• May 4, a rally was held by labor leaders to protest Chicago police brutality at strike at McCormick Reaper Works

  • When police arrived, a bomb exploded

  • Possibly by anarchists (radicals who don’t want any government)

  • Police and crowd members opened fire --> 7 police, 1 civilian died

  • Knights were particularly, though unfairly singled out for blame

  • Union soon collapsed

  • Reputation of labor unions worsened

  • Considered anarchists, socialists, extremists, cop-killers, foreigners

  • Who want to overthrow capitalist system of free enterprising

AMERICAN FEDERATION OF LABOR (AFL) 1886


  • Created same year as Haymarket Square riot in Ohio

  • Name “Pro-America”

  • Different from Knights of Labor

  • Association of craft works

  • Have a certain skill

  • Under its leader, Samuel Gompers

  • The union would be very discriminatory

  • Only skilled, white, male crafts workers could belong

  • Only concentrated on bread and butter issues

  • Wages, 8 hours 8 hours sleep and 8 for what we will, and better working conditions.

  • More effective

  • Because unskilled can be replace

  • And no blacks, whites etc. to have a better image.

  • Used strikes to manipulate exployers

  • From marginalized to maintream

  • ​1955 joined with Congress of Industrial Organizations (CIO)

  • Largest union today

INTERNATIONAL WORKERS OF THE WORLD (IWW) (WOBBLIES)

  • The IWW or "Wobblies" was an international labor union

  • Founded in Chicago, Illinois in 1905.

  • It was a general union -- promoted idea of "One Big Union"

  • Believed that all workers should be united as a social class to supplant capitalism.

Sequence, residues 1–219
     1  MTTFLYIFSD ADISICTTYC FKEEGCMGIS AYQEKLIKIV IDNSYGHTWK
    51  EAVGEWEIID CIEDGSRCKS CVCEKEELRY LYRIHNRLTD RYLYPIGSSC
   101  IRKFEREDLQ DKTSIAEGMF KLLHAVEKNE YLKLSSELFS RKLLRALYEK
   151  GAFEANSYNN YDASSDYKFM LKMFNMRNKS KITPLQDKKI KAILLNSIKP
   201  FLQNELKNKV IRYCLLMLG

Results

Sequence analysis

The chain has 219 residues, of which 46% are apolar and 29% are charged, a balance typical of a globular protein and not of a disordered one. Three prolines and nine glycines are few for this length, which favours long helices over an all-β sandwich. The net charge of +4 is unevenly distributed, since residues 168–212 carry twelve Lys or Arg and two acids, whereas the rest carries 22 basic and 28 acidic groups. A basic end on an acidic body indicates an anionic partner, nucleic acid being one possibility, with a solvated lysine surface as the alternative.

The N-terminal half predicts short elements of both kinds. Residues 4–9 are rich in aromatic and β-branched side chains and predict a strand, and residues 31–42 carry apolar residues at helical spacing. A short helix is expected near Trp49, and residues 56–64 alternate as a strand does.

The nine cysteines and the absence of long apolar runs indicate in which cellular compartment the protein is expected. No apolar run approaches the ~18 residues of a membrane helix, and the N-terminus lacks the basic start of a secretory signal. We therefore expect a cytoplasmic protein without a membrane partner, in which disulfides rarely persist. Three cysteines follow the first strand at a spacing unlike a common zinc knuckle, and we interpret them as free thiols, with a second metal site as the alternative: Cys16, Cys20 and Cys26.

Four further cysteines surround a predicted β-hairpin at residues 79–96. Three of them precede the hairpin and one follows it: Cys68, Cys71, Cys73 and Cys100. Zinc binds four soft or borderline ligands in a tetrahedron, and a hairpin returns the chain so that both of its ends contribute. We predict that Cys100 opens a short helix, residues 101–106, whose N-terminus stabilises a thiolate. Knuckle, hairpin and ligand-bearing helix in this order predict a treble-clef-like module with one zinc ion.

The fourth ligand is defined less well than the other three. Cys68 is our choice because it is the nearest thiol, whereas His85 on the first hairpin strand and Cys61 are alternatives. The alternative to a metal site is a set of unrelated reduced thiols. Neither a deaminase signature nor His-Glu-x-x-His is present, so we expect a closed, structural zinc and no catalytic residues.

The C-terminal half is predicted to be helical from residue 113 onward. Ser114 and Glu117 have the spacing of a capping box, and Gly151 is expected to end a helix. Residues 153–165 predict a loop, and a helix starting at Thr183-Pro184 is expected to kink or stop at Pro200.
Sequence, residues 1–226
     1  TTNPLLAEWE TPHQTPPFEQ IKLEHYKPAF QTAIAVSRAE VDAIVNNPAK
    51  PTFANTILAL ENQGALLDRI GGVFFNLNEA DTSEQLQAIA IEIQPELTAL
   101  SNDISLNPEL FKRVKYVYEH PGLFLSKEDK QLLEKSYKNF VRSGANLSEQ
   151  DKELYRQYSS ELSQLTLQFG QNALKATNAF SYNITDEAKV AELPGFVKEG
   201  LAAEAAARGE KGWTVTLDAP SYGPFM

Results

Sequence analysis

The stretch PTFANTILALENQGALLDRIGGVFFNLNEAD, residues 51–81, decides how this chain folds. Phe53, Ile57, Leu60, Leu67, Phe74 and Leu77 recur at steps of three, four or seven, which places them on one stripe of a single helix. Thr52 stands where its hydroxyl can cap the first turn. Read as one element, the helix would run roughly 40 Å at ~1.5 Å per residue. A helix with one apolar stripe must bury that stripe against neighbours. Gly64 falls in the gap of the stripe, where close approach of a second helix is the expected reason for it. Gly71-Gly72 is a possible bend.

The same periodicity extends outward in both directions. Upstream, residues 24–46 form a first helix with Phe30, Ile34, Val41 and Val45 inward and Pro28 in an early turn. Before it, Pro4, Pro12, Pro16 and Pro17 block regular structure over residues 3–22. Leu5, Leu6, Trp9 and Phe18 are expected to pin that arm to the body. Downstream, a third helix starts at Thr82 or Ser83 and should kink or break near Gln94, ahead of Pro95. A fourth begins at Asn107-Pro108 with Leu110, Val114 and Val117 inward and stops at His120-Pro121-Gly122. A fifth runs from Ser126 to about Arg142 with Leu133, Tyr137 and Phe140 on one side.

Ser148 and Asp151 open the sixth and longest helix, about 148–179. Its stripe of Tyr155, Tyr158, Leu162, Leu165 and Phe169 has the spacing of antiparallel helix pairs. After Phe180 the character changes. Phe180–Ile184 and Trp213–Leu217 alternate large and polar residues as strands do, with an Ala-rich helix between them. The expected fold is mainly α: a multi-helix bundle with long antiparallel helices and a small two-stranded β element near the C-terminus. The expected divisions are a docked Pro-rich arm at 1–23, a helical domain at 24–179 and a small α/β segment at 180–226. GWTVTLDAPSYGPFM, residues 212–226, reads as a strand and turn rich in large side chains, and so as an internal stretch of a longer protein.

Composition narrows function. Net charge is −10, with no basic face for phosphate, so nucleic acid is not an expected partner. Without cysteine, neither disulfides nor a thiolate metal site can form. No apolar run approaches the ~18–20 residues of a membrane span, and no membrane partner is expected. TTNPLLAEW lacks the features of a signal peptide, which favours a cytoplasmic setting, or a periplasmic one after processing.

• IWW had ties to socialists and anarchist labor movements.

STRIKES

GREAT RAILROAD STRIKE 1877

  • To make up financial losses since panic of 1873

  • Major railroads cut employees wages

  • July 1877 workers of Baltimore and Ohio Railroad walked off job in West Virginia to protest reduction in pay

  • Strike spread to New York and Pennsylvania railroads

  • Hayes asked to send troops to put down riots

  • People had joined the riots because of unfair practies of railroads

HOMESTEAD STRIKE 1892

  • Carnegie Steel (Pennsylvania)

  • Responsible for building America's cities (skyscrapers)

  • But in order to keep profits had to keep cutting costs (incl. wages

  • Mill workers had a strong union: Amalgamated Association of Iron and Steel Workers

  • At first Carnegie supporter workers' right to organze

  • But then decided collective bargaining was too expensive

  • In 1892 Carnegie hired Henry Frick

  • Ruthless businessman with reputation for getting what he wants at any cost

  • To keep plant running efficiently, workers worked 12-hours a day/6 days a week

  • Dangerous (many accidents)

  • Men exhausted and wanted livable wages

  • Frick wouldnt let a Union exist at Carnegie Steel

  • Posted sign saying he wouldn't negotiate and conditions wouldn't improve

  • Locked out members of union

  • Wouldn't be admitted unless abandoned union and signed new contracts.